The U.S. peanut industry has been
in an over-supply position before
and worked out of it. Production
of 3.2 million tons is more than
anyone predicted, and with the struggling
economies at home and abroad, it
may take longer to solve this dilemma.
The good news is there are plenty of
peanuts with outstanding quality stored
and ready to be consumed. The bad
news is that U.S. consumption is flat,
buying is delayed by limited blanching
capacity, overseas markets are plagued
with struggling economies and a lack of
available money to buy.
Forfeiture Losses May Hurt Program
The “fiscal cliff” in Washington D.C.
has investors waiting for market signals
and leadership. Add to that, the Farm
Bill received Senate approval, but the
House version never made it to the floor.
The more Congress delays, the more
a one-year extension makes sense. However,
that may not be good for peanuts
if USDA loses lots of money in forfeitures
of the 2012 crop.
One would think there is more bad
news than good news. Thankfully, the
U.S. peanut program has the Market
Loan Assistance program. With the volume
of crop produced and without the
market loan protection for producers,
many producers would have received
nothing at harvest.
The Market Loan Assistance program
also provides financing for shellers until
the crop is needed by the trade. Then,
peanuts are redeemed and moved from
warehouses to shelling plants. Farmers
are lucky that in most cases storage and
handling is paid by the first buyer and,
if forfeited, by the government.
About Half Contracted
Analysts estimate about 50 percent
of the 2012 U.S. peanut crop was under
contract. Some of the crop was contracted
at $750 per ton, a few at $700
per ton, some tonnage at $650 per ton
and even some at $600 per ton. Contracts
were limited, leaving lots of
Many farmers did not contract any
peanuts and now must settle for minimum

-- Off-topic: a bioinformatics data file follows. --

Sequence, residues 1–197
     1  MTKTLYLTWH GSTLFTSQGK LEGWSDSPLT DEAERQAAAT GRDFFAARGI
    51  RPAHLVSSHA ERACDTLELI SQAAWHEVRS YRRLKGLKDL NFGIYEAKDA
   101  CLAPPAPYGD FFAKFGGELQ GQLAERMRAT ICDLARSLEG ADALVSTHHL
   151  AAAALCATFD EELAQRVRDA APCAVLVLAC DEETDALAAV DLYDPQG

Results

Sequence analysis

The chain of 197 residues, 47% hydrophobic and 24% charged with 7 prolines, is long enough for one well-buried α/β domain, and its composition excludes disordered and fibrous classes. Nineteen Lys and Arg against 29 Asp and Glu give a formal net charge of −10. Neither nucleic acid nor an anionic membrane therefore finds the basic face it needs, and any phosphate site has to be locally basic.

loan of $355 per ton.
A ‘Wait And See’ Situation
On a normal crop, contracted peanuts
may not exceed 35 to 40 percent. That
usually results in shellers returning to
farmers with contracts to get peanuts
out of the Market Loan Assistance Program
after the higher-priced contract
peanuts are shelled and delivered.
Now, it is a cat and mouse game between
the manufacturer and farmers
with the shellers caught in the middle.
Growers can sit in the Market Loan for
nine months maximum. Many farmers
have delayed placement in the loan so
the nine-month period will end after the
If the drought continues and peanut
plantings are lowered, the 2012 peanut
crop could become valuable again.
Everyone Needs To Make A Profit
The key for the farmer is patience.
Will farmers take the first offer above
$355 per ton? Manufacturers will have
to establish a price that shellers can offer
farmers. Otherwise, the farmer who
can afford to wait on the market will
leave peanuts in the Market Loan.
Many farmers need money to finance
next year and may accept a lower price.
Buyers are watching the shelled prices
slide downward as supplies mount and
more inventory has to be moved.
Remember, manufacturers want farmers
to make a profit, too, so farmers can
continue to produce peanuts. They just
don’t want the competing manufactures
to secure raw peanuts at a lower price.
What Price Is Needed?
Is there a price level farmers must have
to survive? According to the Cooperative
Extension Service in Georgia, cost of
production (on the average) is about
$1,234 per acre. Divided by 2.1 tons, the
farmer needs about $588 per ton to
break even. Of course, each area is different
and even each farm is different.
How Low Will USDA Go?
Another factor is the USDA peanut
program. In 2006, the Market Loan was
filled with an inventory that was destined
to be forfeited to the government.
The government does not want
peanuts, so USDA lowered the price below
the minimum loan offering the
peanuts on a bid basis for a minimum of
$290 per ton, $65 per ton below loan.
Shellers gobbled up the supplies taking
advantage of the profiting opportunity,
and USDA avoided the forfeit.
Could that happen again? USDA
must accept forfeits and has authority
to place the peanuts in the oil market,
barter for peanut butter for schools or
the needy, offer for bid or leave in inventory.
USDA usually makes money
for the program when the forfeited volume
Leading Market Indicators
(as of Oct. 5, 2012)
2012 Acreage (est.) - up 43%, 1,594,000 acres
2012 Production (est.) - up 63%, 2,959,750 tons
2012 Average Yield - 3,714 lb/A
2011 Crop In Loan - 58 tons
2011-12 Usage (12 mo.) - dn -0.9%
2011-12 Exports (12 mo.) - dn -37%
National Posted Price (per ton):
Runners $549.65, Spanish $533.91, Virginia/Valencia $553.17.